The Norman Transcript

June 14, 2014

The Dracula Wagon

The Norman Transcript

NORMAN — The people at our company must have gallons of excess blood sloshing around in their bodies.

Every four months, Vampira, a member of our property management department, sends out a companywide email. “Be the first to sign up and donate your excess blood.” How can it be excess when it flows evenly through the veins?

The Dracula Wagon appears in our parking lot and employees pretend it is grownup recess time. They march to the draining center because they get cookies, juice and a T-shirt.

After years of non-participation in this ritual, I lost my mind and signed up. Admittedly, I was curious about the process, but perhaps willingly puncturing a vein may be a bit extreme just to satisfy an inquisitive itch.

I grabbed my driver’s license (for identification purposes) and my security badge (because after nearly twenty years they would not recognize me when I reentered the building) and walked downstairs on shaky legs. The elevator was far too quick. Besides, I did not want to appear too eager.

When I tried the bus door, it was locked. With a sigh of relief, I started to leave. Then someone opened the door. Drat!

The bus rumbled when I stepped inside. It sensed that another victim had entered its clutches. I presented my arms, a victim ready to be led to the ritual table. Actually, it was a lounge chair, but there would be no relaxing and napping in that bloodletting seat.

But first, a smiling woman led the way to a cubicle, complete with two seats, a desk and computer. Following a few preliminary questions, out came the blood pressure cuff.

As the blood flow returned to my arm, all manner of gauzes, swabs and strange looking gadgets appeared, including a stabber. “I’m going to prick your finger for a blood sample,” the lady explained. Wait was that an evil smirk she hid?

The stabber punched a painful hole in my finger. Then she squeezed the damaged digit, milking every drop of blood she could from it. The words hovered on the tip of my tongue, but I refrained from asking “Where did you learn your technique, on a dairy farm?”

Handing me a list of questions, she told me to answer them on the computer and left. I wondered why she decided to give me privacy, but the light bulb blazed above my head when I saw the questions on the screen. The only thing that was not asked is whether I had been friendly with a kangaroo.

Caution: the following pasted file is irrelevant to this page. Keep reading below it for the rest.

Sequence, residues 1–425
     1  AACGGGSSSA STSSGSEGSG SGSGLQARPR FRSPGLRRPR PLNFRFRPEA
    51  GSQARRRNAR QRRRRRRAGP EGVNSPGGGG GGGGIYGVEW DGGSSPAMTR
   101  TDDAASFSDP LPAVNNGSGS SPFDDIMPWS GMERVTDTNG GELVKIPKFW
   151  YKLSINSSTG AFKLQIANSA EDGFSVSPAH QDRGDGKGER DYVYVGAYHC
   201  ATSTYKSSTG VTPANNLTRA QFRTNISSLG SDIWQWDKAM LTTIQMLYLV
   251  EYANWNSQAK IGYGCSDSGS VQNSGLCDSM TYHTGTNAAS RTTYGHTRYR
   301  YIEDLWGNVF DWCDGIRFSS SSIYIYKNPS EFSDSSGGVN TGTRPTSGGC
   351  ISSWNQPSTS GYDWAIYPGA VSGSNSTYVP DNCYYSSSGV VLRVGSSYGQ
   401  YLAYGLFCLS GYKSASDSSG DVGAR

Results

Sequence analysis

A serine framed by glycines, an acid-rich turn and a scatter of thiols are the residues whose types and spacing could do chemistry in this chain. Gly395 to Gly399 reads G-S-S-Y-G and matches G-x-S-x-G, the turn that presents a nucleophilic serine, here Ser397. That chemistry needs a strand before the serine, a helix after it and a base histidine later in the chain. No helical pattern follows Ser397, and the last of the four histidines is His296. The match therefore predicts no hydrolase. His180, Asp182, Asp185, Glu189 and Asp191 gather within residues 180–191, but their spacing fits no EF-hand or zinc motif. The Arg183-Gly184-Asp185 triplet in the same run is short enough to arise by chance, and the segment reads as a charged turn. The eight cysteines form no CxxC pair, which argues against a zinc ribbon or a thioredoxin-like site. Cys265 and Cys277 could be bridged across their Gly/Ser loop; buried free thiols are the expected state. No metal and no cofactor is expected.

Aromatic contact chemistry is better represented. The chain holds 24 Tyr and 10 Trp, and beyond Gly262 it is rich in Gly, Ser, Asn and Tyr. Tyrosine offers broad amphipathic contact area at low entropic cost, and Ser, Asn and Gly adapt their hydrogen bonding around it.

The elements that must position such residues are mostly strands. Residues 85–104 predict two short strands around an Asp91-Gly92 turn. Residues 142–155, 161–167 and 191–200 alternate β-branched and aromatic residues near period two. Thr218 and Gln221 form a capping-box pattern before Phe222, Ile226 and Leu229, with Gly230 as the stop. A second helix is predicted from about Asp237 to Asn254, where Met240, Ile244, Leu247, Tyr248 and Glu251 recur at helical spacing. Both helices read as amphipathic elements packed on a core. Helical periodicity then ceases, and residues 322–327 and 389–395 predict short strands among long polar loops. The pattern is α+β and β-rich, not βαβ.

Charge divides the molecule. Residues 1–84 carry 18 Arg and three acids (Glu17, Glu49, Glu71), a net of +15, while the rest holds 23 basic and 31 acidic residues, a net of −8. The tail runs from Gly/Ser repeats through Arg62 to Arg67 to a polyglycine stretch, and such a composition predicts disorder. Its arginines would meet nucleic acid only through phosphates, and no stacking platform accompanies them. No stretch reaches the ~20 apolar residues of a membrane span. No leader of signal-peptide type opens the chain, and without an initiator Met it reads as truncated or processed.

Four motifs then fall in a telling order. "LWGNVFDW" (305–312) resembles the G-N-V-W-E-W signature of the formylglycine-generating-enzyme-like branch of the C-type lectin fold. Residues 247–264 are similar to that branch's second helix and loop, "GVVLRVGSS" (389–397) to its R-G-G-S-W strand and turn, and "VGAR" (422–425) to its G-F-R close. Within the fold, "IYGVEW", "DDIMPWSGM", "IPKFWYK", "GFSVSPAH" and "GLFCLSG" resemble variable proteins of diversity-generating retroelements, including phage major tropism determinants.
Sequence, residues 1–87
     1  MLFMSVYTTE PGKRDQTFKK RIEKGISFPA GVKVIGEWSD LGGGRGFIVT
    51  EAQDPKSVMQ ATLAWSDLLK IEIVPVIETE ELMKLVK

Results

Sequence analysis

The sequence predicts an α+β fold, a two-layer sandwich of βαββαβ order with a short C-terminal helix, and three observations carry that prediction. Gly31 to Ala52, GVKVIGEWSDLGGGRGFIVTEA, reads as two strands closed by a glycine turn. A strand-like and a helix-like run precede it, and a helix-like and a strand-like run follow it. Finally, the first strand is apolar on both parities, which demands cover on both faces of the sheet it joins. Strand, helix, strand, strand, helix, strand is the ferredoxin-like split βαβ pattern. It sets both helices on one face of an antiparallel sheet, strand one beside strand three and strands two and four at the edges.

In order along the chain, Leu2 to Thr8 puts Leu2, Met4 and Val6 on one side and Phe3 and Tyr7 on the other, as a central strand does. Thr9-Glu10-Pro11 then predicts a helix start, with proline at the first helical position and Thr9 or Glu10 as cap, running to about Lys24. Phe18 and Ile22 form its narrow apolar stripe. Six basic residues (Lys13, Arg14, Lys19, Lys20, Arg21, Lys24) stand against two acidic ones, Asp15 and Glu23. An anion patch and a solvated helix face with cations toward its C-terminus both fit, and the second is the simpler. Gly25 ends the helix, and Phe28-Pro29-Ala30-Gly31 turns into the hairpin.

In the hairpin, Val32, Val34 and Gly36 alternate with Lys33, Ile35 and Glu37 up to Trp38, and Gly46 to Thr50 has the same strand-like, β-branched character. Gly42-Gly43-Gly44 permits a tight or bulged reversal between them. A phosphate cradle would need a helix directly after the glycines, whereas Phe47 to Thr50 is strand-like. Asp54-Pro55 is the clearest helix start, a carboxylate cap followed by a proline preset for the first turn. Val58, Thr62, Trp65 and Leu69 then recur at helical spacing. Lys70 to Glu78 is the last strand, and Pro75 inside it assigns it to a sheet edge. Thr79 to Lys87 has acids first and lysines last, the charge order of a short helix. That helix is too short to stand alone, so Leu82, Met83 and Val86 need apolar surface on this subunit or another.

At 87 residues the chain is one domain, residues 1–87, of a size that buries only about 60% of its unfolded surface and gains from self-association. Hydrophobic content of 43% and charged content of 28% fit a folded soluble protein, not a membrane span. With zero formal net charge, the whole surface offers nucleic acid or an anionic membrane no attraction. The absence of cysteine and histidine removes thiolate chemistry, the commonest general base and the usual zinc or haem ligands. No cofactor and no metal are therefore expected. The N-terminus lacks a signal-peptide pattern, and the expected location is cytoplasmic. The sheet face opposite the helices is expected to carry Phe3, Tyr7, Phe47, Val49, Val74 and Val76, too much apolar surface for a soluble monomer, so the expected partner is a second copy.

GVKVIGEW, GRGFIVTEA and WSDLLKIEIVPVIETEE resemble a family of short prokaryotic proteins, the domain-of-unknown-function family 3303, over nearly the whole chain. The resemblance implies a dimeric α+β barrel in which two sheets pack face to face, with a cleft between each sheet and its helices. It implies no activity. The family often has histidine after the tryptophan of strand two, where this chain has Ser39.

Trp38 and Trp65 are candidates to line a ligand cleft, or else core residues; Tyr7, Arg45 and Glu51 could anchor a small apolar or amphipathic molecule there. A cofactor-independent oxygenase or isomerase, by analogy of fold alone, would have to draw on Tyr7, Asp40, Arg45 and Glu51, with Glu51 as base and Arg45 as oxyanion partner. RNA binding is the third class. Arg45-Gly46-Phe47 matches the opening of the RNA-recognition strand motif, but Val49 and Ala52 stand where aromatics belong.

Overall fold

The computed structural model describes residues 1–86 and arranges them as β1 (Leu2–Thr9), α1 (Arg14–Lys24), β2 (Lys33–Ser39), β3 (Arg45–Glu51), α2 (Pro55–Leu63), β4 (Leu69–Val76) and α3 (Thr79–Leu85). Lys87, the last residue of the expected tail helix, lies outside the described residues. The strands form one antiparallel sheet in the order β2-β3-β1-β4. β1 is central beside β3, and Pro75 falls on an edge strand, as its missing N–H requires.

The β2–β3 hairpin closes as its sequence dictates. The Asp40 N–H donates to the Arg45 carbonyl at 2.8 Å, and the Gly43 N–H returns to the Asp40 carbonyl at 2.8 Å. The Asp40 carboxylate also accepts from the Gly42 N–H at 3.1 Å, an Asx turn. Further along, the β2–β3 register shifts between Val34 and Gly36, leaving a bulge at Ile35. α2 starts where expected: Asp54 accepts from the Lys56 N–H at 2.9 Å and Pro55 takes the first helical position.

“I have no idea what most of those diseases were,” I exclaimed as I stepped out of the cubicle. Everyone laughed that nervous titter people use when they do not know how to respond.

Madam Pompadour reclined on the lounge and the nurse tied a tourniquet around my biceps. “Squeeze this,” she said, thrusting a squeeze toy shaped like a baseball glove in my palm.

She poked a needle into a defenseless vein and taped the draining tube to my arm. I averted my eyes and squeezed that glove — squeeze, relax, squeeze, relax. I had problems with the relaxing part as my blue blood turned red and drained into a baggie.

Then the well went dry because the tourniquet was left on my arm which caused my vein to collapse. She called to another technician. He pressed on the needle embedded in my arm.

“Does that hurt?”

Now why would he ask? My body was levitating above the chair!

After a whispered conversation, they removed the needle. She covered the angry black, blue and red spot with gauze and wrapped yards of blue masking tape tightly around my arm.

“No smoking for thirty minutes,” the nurse instructed.

No problem.

“No alcohol for forty-eight hours.”

What! That’s heaping torture upon torture.

As I tottered out of the rumbling leech machine, I was faced with increasing pain and no red wine to numb my suffering.

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